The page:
Houston Child Support Lawyers Represent Texas Parents
Dedicated attorneys work to ensure children’s needs are met
Under Texas law, the amount of child support is based on the noncustodial parent’s income and the number of minor children that parent has. That might seem like a simple calculation, but sometimes people are not honest about what they are earning or there are conflicts about paying for education or other needs that a young person has. The attorneys at Anne E. Kennedy, Attorney at Law review the facts so you understand what the result would be under the state’s guidelines. From our offices in Houston and Brenham, we also advocate for parents in court matters concerning the modification and enforcement of existing court orders.
Firm advises on child support factors, modifications and enforcement
Whether you’re going through a divorce or have never been married to your partner, questions about child support can create anxiety. Our compassionate legal counselors are well equipped to answer questions such as:
Who pays child support and how much?
The parent who does not have physical custody of the child is required to send a portion of their income to their co-parent. This doesn’t just include wages but other types of income, such as unemployment benefits. A percentage is assigned based on the number of children there are to be supported. For example, if the parties share one child, the baseline child support obligation would be 20 percent of the noncustodial parent’s average monthly net resources. This rate increases with additional children.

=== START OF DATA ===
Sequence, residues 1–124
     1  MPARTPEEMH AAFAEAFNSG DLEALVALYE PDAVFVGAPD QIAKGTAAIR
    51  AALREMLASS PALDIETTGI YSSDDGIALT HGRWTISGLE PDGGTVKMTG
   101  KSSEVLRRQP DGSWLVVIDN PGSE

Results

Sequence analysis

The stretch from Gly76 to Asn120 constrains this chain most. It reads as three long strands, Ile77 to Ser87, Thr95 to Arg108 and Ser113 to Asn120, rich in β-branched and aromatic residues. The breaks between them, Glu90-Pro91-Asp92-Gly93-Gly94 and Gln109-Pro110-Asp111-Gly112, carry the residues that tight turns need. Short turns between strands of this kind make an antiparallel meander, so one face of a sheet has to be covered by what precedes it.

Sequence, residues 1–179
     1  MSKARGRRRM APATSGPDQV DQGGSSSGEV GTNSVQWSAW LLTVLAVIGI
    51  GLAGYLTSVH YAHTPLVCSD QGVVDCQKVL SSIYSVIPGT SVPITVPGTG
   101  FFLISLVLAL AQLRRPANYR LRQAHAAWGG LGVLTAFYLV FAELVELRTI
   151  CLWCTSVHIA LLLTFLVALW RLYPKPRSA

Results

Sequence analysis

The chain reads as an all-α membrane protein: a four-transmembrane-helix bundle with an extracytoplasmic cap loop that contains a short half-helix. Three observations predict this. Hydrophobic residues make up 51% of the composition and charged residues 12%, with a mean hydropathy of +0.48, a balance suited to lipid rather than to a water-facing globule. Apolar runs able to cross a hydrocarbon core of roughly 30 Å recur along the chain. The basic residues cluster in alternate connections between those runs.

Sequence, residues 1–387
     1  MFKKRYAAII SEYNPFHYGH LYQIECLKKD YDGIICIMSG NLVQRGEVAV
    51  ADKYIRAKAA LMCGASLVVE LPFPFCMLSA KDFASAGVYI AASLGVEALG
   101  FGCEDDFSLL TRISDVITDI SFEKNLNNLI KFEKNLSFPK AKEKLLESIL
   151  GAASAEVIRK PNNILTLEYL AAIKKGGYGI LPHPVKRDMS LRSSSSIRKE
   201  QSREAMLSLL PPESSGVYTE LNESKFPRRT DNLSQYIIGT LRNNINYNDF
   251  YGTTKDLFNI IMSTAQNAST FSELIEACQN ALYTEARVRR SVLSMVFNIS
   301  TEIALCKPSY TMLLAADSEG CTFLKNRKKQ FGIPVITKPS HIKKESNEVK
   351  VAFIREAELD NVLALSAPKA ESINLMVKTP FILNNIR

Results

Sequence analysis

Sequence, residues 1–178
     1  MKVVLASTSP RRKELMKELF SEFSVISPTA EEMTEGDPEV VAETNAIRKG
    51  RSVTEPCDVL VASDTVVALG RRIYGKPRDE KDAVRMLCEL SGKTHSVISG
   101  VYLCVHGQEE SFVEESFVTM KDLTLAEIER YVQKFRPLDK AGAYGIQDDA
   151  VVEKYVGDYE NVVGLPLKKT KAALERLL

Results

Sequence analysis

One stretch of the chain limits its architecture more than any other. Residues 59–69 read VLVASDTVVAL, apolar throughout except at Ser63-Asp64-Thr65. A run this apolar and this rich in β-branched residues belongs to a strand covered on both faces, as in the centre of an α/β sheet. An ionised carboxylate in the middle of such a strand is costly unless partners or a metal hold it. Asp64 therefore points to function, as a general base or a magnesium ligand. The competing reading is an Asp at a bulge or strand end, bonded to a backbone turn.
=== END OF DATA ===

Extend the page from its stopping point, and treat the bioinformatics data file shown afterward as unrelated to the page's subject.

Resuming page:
How are child support disputes resolved?
If serious disagreement exists regarding a noncustodial party’s true income or some other issue pertaining to child support, our firm works diligently to negotiate a reasonable solution. Should that be impossible, we can address the disagreement before a neutral mediator or advocate for you in court.
When does child support end?
Child support obligations end when a son or daughter turns 18 years old If the son or daughter is older than 18 but still enrolled and attending high school, payments must be made until they graduate or stop attending school. Given the cost of higher education, parents might wish to make an arrangement regarding college expenses, health insurance coverage and other funding for the needs of young adults.
Can child support be modified when the paying parent’s income changes?
Yes, Texas allows child support rates to be modified when a shift in income or a new child would change the monthly amount required under the state formula by at least 20 percent or $100. A review can occur three years after the entry of the original order or when a job loss, promotion or some other event occurs. You cannot make this adjustment on your own, so if you think a modification is warranted, you should consult with a qualified family law attorney promptly to get the legal process started.
What options exist when a child support payments are not made?
When a noncustodial parent fails to send their full child support payment in a timely manner, there are several methods of enforcement available under Texas law. A court can order the garnishment of a nonpaying parent’s wages, the imposition of a property lien and/or the suspension of a driver’s or professional license.
Contact a Texas lawyer for a free consultation on your child support issue
Anne E. Kennedy, Attorney at Law advocates on behalf of Houston-area parents in all types of Texas child support matters, including requested modifications and enforcement actions. Please call 713-862-8110 or contact us online to schedule a free consultation. Our firm has offices in The Heights neighborhood of Houston and Brenham.